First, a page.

Coffee Breaks | pt. 1

Our morning confidant... That magical liquid that lifts our spirits on the most sluggish of days...

An aroma that fills the home with the smell of productivity....

Yes, I am talking about coffee.  It comes in many forms, and each person (and culture) has his or her own way of taking it.  Derek is an iced coffee guy, and I'm all about the soy lattes.  But in the morning, all I need is a little cafe con leche to kickstart my day! I've noticed that in every place we visit, the culture surrounding coffee is immensely different, so I thought it would be interesting to compare and contrast a few for you.  But as I started writing this post, I quickly realized I'd have to separate into different posts.  So today, we have the USA and the UAE.

Coffee: (kɒfi)  noun  |  synonyms: joe, java

  1. a hot drink made from the roasted and ground bean-like seeds of a tropical shrub  "a cup of coffee"
  2. the shrub which yields coffee seeds, native to the Old World tropics

United States of America

The US is interesting, because I have noticed two separate cultures growing here.  The first being the fast-paced, need-to-have-it-now lifestyle.  The to-go cup has almost become a fashion accessory in modern American culture, as you can't go a full scroll through a social media page without seeing one paired beautifully with a fitting hashtag (#butfirstcoffee,  #coffeecoffeecoffee).  Also, these popular coffeehouse chains, from Starbucks to Tim Hortons, have become the perfect place for a quick, informal meeting or quick get-together with a friend.  The drive-thru ease of these chains make getting your coffee easy, and you don't really need to slow your pace to do so.


The second fits more with the creative force that is dominating the US right now.  These are the coffeehouses, or shops, that treat coffee beans as an artisanal ingredient.  They may or may not have a drive-thru window, but that isn't the reason people frequent them.  These are the places you go to see a poetry slam, open mic night, or to meet up with a study group and savor the flavors in the cup.  They are the places where just getting your cup of coffee (and seeing what design the barista created in it) is an exciting experience.  Some look like chem labs, while others have a fresh air of eclectic charm.  They are almost always locally owned, most have an emphasis on organic or free-trade products, and each offers a different experience unique to their location and clientele.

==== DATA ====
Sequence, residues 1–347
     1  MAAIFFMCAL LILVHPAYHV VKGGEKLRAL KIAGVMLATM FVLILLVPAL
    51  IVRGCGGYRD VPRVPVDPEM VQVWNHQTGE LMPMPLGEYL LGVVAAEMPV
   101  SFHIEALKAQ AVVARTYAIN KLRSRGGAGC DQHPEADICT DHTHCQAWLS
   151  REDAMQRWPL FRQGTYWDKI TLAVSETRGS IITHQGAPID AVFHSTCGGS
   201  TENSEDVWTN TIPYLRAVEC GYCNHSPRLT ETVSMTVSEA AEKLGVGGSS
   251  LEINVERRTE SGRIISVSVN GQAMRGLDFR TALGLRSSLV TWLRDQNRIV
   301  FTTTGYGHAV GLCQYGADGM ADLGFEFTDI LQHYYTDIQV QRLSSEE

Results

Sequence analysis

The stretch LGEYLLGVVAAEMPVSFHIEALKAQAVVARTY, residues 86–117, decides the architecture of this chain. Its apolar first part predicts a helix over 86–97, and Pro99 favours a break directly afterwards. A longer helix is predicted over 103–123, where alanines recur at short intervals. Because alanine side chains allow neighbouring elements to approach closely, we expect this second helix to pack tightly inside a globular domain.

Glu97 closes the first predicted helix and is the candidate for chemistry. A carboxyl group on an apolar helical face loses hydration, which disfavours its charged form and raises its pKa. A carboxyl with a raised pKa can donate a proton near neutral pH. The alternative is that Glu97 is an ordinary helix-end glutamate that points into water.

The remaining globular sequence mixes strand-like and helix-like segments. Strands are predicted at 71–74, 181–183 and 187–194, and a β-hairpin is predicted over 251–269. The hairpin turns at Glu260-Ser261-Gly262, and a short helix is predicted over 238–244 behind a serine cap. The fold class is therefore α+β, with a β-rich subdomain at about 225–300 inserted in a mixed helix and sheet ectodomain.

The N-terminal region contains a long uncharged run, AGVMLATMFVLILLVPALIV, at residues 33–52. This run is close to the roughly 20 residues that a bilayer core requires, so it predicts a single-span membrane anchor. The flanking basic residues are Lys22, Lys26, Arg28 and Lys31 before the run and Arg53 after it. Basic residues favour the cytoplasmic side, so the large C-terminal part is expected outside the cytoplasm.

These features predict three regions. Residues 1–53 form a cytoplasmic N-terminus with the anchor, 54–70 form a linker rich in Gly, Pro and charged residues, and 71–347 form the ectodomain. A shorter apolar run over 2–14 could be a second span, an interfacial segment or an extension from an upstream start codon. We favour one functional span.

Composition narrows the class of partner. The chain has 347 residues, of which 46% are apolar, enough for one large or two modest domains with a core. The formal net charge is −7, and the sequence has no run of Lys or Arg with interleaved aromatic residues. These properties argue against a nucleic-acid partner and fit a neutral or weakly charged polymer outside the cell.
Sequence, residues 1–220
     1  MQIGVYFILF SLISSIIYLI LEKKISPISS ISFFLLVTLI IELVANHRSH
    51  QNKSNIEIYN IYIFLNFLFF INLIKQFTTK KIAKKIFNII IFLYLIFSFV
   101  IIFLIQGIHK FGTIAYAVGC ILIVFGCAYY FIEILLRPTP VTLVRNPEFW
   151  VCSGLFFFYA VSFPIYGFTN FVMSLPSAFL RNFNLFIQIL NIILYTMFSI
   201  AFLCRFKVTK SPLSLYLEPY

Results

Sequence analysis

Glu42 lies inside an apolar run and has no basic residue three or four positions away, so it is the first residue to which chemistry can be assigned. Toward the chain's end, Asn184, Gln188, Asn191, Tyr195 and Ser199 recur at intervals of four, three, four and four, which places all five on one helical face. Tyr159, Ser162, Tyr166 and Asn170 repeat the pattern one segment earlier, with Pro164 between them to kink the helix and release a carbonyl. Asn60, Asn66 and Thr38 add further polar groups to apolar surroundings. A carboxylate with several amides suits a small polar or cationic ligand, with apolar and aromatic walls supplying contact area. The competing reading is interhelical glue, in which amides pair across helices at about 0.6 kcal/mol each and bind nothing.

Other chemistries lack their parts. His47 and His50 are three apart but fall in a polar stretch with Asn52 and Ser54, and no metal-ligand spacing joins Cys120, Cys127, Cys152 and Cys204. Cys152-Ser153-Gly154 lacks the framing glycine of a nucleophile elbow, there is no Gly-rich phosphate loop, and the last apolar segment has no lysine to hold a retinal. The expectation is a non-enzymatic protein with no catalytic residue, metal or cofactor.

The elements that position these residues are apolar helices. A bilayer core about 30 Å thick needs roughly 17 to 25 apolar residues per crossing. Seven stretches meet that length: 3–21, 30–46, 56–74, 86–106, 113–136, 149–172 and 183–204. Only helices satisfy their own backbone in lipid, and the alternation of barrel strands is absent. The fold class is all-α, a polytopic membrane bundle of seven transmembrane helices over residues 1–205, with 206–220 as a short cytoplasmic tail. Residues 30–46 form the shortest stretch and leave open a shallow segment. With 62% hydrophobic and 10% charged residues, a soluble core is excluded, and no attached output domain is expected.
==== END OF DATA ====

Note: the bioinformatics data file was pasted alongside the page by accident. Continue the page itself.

^photo from one of my favorites: Coffea Roasterie^

United Arab Emirates

My trip to the UAE was too short.  I loved every minute and enjoyed immersing myself in a culture so foreign to my own.  Not only was the culture different, but the coffee was unlike anything I'd ever tasted.  It was spicy and reminded me more of tea than coffee.  However, as the weeks went on, I started looking forward to my afternoon cup.  Yes, I said afternoon.  It was not a common thing to enjoy coffee in the morning in the UAE.  Coffee was more of a social thing.  People gather together after work or school in the late afternoon to enjoy tiny cups of Arabic coffee.  It is a time to catch up and reflect on the day.  The vessels are beautiful, and I could not wait to get my hands on my own set.  The coffee was always served with dates.  The sweetness from the fruit was a nice combination with the spicy coffee.  I'll be sharing this recipe with you next week!


The coffee culture in the UAE started with the bedouin lifestyle in the deserts.  People would boil the coffee (which they still do today!) over the campfire and sit under the stars or in large tents enjoying the drink and conversations.  I quickly learned the etiquette of Arabic coffee drinking.  It is considered extremely rude to decline the cup of coffee.  You should always take at least one cup, and when you are finished, you shake the cup from side to side in your right hand.  As I usually use my left hand for eating and drinking, I had to retrain myself while in the UAE.

Check back for part 2 of this post tomorrow!  What is the coffee culture like in your country or city?